This report is the first to show progressive functional healing of the ACL with improved yield load, displacement at yield, and linear stiffness properties over time. The changes in structural properties were accompanied by significant changes in the ligament tissue biology. In addition, the placement of a CPC in the wound site resulted in repairs with improved structural properties, greater cellularity, and a more fusiform cell shape. The use of a CPC has been found to stimulate ACL graft healing after ACL reconstruction.10 The present study is different in that CPC is stimulating healing of the ACL rather than replacing it.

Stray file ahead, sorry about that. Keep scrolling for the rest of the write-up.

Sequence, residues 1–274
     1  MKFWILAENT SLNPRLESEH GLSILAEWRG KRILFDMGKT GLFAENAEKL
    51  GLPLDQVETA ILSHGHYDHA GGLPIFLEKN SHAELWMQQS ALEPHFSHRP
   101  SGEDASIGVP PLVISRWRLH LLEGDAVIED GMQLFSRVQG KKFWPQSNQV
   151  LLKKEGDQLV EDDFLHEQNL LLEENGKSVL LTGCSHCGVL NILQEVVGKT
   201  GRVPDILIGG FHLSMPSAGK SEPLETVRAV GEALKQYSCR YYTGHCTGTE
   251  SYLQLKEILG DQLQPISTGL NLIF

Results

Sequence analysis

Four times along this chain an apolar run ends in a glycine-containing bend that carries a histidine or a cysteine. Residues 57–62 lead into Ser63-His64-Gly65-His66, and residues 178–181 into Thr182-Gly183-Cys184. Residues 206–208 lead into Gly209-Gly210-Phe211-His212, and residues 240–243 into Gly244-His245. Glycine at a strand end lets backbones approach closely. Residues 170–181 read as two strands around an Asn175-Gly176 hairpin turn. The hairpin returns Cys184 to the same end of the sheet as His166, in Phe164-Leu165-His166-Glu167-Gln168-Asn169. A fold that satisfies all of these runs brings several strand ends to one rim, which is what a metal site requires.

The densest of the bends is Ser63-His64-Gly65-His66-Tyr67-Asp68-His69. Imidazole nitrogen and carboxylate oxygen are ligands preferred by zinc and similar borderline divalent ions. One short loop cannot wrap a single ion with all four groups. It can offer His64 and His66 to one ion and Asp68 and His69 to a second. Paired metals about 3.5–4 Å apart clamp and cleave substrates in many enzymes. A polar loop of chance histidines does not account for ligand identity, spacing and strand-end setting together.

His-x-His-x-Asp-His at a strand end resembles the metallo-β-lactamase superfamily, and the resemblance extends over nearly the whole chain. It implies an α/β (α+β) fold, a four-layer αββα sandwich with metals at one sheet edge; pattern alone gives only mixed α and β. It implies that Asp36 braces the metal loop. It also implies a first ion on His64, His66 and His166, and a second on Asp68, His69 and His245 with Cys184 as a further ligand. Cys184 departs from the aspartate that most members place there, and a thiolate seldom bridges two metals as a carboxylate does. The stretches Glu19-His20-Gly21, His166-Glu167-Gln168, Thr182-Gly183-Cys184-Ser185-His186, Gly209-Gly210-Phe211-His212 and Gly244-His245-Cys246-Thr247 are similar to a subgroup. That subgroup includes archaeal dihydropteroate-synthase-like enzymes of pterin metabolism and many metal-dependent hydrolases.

This study is the first to show functional healing with primary ACL repair at 3 months in any animal model. Studies examining primary repair methods in humans have found this treatment gives results no better than those of nonoperative treatment, with most patients experiencing pain and instability.31,40 Regarding other ligaments, previous studies have documented the healing of the medial collateral ligament (MCL) as occurring in 3 phases: hemostasis and inflammation, cellular proliferation and matrix deposition, and matrix deposition and long-term remodeling.12 On the basis of the results reported here, it appears that after suture repair, the phases of healing in the ACL follow a similar course, with the phases being (1) inflammation, (2) cellular proliferation, (3) vascular proliferation, (4) vascular pruning, and (5) collagen remodeling. Although these phases were present in both groups (suture and CPC), they resulted in a more functional result (improved yield load and stiffness of the repairs) when a bioactive scaffold supplemented the sutures.